1. Thank you so much for this info.! I just got my 5 new babies on Monday, and am stocking up on everything I will need for them as they grow. I just ordered some Poultry Protector and Nesting Box Blend. I already had the DE. I am over the moon excited about my girls, and am so happy to have discovered your lovely blog. 🙂 **Helena

  2. You are so welcome Helena and welcome to the wonderful world of backyard chickens. I think you will be amazed at how FAST they grow! Sounds like you are going to be a terrific chicken mom! Please drop in again soon.

  3. We have used the seven-5 for dusting the hens and the diatomaceous earth for the coop. Would the Diatomaceous work better on the hens? We have done all of these things but we have not seen anything like the pictures you showed on the other post that you refereed us to. And we are getting up close when we do the dusting seems as though we would see something on at least one of them. We have had to shut them in the run since the fox attack and now the hen that had grown all her feathers back is missing some on her back again and a couple that were not missing any before are missing some. Think the vet is wrong that they are not doing it to themselves because of mites that they are just bored? I am so rattled about what to do.

  4. Hi Brenda. Seven-5 is fine as well as DE. DE is just another option that is made of organic matter. I do not think that the vet is wrong. You most likely had a pretty bad infestation of mites. He is the expert with the training.

    Now that the girls are secured in the run, is it large enough for your flock? They say 10 square feet per bird. Take the length and multiply it by the width. So, for example, a 10 foot x 10 foot run give the birds 100 square feet, which can accomodate 10 chickens.

    I believe you are right it could be boredom. That poor girly could also just be lowest on the pecking order too. Try some distractions like hanging a full cabbage from a string in the run.

    I would also do the following just to be sure:

    This weekend I would put all of the girls out in the run and thoroughly clean out the coop with warm water, a bit of Dawn detergent and a little bleach. Scour every nook and crannie. Once it dries, put the Seven-5 dust/or DE into a bag made from a panty hose and dust all the corners and sprinkle it on the floor.

    Then, sprinkle the Seven-5 into their dust bath bowls in the run and then dust each and everyone of your flock members under their wings and on their fluffy bottoms.

    I would be vigilent about giving everyone in your flock a weekly dusting.

    If things do not stablize or seem to get worse over the next week, then I think you may need to take a trip back to the vet.

    I am so sorry that all of this is happening to you. Good luck, I am thinking of all of you!


  5. My flock is just 3 weeks (25 days today) old. How young do you need to start worrying about mites? They've been out of the brooder for a week. We still have a heat lamp for those chilling nights in their new home. It's a 8 x 4 open cage in our garage we've constructed until their coop (and the chicks) are ready. Should I be checking them now for mites? Thanks for any info!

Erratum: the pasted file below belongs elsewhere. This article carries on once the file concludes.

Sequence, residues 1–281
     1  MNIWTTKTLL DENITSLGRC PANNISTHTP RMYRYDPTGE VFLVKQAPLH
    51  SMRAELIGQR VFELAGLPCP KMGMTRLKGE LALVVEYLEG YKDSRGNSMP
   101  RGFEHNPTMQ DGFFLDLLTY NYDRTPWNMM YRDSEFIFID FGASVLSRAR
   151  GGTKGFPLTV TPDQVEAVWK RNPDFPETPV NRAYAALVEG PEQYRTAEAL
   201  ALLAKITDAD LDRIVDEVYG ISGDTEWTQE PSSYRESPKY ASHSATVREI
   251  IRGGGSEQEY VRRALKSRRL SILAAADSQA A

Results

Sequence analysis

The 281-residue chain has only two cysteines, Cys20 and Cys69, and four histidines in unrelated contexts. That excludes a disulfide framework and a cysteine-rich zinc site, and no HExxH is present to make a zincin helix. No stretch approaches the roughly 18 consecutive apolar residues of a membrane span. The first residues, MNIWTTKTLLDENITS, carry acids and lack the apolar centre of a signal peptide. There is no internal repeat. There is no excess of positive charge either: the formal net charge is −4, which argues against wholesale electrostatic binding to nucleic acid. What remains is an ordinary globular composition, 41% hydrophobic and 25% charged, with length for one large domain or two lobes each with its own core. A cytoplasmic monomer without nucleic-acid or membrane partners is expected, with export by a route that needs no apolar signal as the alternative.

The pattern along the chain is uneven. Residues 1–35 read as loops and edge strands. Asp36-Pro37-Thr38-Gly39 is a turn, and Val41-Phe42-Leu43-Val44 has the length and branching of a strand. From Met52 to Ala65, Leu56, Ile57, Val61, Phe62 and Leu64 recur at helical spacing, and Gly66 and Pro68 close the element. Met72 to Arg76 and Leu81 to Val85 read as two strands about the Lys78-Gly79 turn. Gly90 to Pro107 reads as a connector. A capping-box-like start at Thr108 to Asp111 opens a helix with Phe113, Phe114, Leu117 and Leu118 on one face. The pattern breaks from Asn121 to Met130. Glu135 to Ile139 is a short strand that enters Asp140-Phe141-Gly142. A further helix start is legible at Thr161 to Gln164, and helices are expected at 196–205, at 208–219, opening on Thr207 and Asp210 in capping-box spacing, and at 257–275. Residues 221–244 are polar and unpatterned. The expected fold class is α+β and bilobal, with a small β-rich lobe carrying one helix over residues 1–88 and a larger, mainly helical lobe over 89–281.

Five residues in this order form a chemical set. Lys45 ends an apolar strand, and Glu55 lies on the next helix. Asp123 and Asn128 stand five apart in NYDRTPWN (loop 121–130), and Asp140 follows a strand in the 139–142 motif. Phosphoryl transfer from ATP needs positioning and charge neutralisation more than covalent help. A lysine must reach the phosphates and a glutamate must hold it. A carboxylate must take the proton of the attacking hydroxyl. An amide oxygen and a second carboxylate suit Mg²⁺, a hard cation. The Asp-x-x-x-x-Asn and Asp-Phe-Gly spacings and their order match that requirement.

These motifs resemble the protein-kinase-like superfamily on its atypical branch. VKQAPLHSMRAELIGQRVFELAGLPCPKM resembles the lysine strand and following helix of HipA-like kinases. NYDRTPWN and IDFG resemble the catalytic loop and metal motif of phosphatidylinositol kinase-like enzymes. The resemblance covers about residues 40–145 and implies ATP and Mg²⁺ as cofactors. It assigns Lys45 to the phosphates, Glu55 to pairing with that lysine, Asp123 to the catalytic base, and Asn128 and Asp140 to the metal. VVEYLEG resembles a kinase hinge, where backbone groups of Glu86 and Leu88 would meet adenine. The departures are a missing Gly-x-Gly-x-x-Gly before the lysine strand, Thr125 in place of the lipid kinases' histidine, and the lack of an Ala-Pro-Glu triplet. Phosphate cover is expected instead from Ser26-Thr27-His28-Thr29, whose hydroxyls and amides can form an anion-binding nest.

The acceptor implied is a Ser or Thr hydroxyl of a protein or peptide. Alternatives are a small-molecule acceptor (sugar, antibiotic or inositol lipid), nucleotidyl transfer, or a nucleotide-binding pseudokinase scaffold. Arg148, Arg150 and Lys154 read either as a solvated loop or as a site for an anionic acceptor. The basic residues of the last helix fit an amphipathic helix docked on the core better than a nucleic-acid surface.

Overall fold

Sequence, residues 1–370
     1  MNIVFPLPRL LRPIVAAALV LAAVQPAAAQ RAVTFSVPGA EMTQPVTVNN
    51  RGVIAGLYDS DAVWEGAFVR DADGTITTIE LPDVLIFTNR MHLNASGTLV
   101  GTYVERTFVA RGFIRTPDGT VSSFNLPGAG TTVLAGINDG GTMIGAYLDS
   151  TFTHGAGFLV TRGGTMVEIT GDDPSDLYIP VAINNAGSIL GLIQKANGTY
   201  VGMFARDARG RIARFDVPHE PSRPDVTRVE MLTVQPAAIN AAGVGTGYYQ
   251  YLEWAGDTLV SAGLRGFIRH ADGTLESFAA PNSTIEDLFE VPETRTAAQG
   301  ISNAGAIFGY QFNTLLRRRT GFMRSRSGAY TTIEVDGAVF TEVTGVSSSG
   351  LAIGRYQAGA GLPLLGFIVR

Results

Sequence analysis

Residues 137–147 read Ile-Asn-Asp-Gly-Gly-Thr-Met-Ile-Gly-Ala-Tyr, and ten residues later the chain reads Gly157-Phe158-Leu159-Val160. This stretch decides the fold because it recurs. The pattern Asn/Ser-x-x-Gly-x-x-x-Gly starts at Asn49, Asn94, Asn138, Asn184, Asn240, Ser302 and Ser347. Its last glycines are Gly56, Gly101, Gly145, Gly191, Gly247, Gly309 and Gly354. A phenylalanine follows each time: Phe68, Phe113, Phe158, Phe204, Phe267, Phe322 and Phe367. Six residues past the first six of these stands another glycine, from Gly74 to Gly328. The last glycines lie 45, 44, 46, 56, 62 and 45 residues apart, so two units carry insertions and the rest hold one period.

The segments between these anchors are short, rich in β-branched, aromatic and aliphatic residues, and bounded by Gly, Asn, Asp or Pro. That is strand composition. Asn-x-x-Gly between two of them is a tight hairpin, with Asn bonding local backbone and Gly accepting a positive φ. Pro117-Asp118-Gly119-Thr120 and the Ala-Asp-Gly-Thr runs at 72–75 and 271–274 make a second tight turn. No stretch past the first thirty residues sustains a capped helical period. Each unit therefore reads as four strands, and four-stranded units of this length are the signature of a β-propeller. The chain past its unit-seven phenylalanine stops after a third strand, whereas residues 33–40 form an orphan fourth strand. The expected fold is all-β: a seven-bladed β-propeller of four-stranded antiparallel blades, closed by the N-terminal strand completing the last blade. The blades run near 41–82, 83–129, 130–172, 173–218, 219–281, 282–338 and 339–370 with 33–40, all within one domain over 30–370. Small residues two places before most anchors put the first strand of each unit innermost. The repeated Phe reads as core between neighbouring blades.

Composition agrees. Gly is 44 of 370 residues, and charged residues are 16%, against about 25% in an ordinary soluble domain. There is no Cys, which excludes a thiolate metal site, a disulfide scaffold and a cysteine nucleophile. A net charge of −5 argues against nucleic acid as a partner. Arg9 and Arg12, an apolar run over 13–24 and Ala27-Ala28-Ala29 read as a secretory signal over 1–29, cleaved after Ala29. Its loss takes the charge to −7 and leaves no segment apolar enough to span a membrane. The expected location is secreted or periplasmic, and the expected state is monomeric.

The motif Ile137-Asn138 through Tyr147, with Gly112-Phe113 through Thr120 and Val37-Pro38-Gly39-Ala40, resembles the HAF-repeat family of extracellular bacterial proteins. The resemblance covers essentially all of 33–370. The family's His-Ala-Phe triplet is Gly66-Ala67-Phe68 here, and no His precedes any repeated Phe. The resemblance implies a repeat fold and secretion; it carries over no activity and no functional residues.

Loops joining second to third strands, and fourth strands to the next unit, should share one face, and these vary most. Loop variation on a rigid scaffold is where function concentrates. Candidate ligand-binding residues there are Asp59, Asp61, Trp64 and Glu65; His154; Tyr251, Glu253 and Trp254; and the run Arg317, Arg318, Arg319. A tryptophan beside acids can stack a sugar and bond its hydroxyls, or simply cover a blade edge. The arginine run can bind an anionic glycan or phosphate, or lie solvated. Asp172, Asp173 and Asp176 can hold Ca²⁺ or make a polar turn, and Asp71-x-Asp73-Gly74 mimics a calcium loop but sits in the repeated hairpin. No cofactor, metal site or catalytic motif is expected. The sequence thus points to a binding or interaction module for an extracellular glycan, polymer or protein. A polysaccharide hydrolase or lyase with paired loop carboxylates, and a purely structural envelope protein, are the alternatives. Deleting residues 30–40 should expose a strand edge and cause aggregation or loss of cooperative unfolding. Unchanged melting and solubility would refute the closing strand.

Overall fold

• Hi Gina! I would not worry yourself too much about mites until the flock is outside. Once they are transitioned outside, I would suggest taking a few precautions like using the DE in the bedding and around the coop floor. Once a week I do grab a couple of the girls and do a "spot" check for mites/lice. If I do find any, I spring into action by dusting each girl, putting DE in their dust bathing area and cleaning out the coop. I think the key is in prevention and taking a couple of minutes once a week and checking for them. Thanks for a great question!

      • Hi, I was wondering if you could help with a question I have. we have a sick chicken we were keeping in our basement I went down to check on her today and lifted her up to look at her injured foot and when I put her back down I had a bunch of tiny little bugs crawling all over my hands which I’m assuming are mites. I have now moved her to an extra garage but I am worried about them now being in my basement and wondering about what to use for cleanup?

      • Oh dear, sounds like she has mites. I would treat her for the mites. Where do you live? As there are different mites in different areas. However my guess is that the majority of them stayed on the chicken or in her pen as sadly, she is their food source.

  6. I have fast moving light tan little bugs on my chickens but don’t know what they are. They are hard to kill with fingers but squish able with pressure. I have a video. Was thinking it might be something from the nearby compost pile, but wondering if anytime knows what these are? How can I post video?

  7. We just recently realized that our chickens have mites. We never encountered such a terrible thing for our chickens. We cleaned our coup as all of the websites have advised. Our concern is our home. We are concerned that we might have them in our home. What is the best method for treating our home. Please advise. All of your information has been so helpful. We are hoping that you have good answers to our concerns, too.

    • Oh dear, usually chicken mites do not affect people. However, if you are concerned, you might consider reaching out to a local company that addresses such issues.Good luck!

  8. I am struggling with chronic mite issues in one chicken since February. Felicia had lost all feathers around her neck from itching. On the fifth check with a magnifying glass I finally saw little black mites in her white feathers. Over a 30 day period I have cleaned the coop twice (every ten days – removed all litter and swept and dusted with garden and poultry dust.) and dusted her now three times with garden and poultry dust (permethrin). The third was last night when I came home from a quick vacay and saw all the new feathers finally growing back in we’re gone. Checked her at dusk and I saw some mites! How the heck do I get rid of these things on her?? She is miserable and I am so over it. I am close to using Frontline on her out of desperation because that is what the vet said to do but I read your post about why not to use it.

    I keep my five chickens very clean – clean the coop and run daily, wash the water daily, bring the food in at night. Any advice would be much appreciated!

    • Oh Dawn, I am so sorry you are dealing with this. Mites can be such a nuisance. Do you know what type of mite you are dealing with and may I ask your location as different types of mites live in various parts of the country. I have just added Pyrethrin spray to the article you have commented on above. You can try using this on your chickens and also in your coop.

    • I was wondering if Dawn figured out a decent treatment for the black mites. I have been trying to combat them for a couple months now. The garden and poulty dust with permerthrin worked great as a last resort for the other kind of mites (red/brown colored) and lice 2 years ago. I had tried garlic juice, woodash and DE dustbaths etc.. This time I am not having as much luck with the garden dust and they are all over my 2 broody girls with eggs. Frustrated!


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Sharing an inspired life from the New England seaside. Chickens, Bees, Gardens, Art and Yummy Goodness.